Glad they have great ideas. Hope some of them are greater than spiffying up the payment history page...

In answering a question about the makeup of the growth in the enterprise business, they appeared to indicate that to date most of that business was images:

"So the split between expansion within existing customers and new is about 50/50 and so we're seeing continued retention and spend from our existing customers as well as the attraction and spend from new enterprise customers. That's primarily in the image business. We see opportunities in video, editorial and music both domestically as well as outside the U.S."

Answering a question about whether the new tech platform was helping accelerate growth, I think this word salad is a "yes", although timing isn't clear. I love reaccelerating growth :)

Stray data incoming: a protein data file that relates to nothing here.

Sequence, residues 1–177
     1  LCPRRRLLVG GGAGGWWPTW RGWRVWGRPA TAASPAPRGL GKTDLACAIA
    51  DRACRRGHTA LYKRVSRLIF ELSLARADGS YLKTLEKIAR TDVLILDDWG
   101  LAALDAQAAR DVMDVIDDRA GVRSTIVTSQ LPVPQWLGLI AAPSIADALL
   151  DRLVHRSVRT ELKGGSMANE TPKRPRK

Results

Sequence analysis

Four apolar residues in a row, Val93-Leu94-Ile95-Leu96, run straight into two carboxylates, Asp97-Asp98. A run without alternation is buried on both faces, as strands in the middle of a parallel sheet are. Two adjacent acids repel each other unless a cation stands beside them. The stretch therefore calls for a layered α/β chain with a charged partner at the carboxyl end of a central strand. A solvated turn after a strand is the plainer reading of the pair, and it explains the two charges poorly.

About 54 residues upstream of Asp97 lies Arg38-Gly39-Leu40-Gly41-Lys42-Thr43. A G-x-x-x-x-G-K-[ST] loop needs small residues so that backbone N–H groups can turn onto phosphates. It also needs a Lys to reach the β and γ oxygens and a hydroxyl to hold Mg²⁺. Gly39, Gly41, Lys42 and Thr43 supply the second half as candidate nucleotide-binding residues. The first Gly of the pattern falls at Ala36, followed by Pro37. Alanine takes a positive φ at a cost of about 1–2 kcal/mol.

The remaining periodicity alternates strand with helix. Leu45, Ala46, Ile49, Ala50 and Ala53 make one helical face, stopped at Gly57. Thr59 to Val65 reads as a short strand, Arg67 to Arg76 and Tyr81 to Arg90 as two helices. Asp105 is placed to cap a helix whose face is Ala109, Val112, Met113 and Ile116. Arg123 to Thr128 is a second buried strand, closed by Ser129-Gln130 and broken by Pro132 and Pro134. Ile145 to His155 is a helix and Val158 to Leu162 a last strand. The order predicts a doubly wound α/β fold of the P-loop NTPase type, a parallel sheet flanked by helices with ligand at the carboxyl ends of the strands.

"That will enable us to move faster, cross-sell between products, understand who customers are between all of our products, and our customers and allow us to do things like focus on reaccelerating growth in the core, for instance."

Later in the transcript, Deutsche Bank had a crack at the same topic, but didn't get a clear answer; just lots of stuff about all the different types of customers SS serves.

There was a question about whether they'd seen some of the higher priced packages getting "traction" - as they'd blamed lower priced packages for lower growth previously. The long answer seems to say that they don't want to be the low price answer, but the fair value one, and they have lots of sizes of customers. Why the questioner just said "thanks" as opposed to following up, who knows: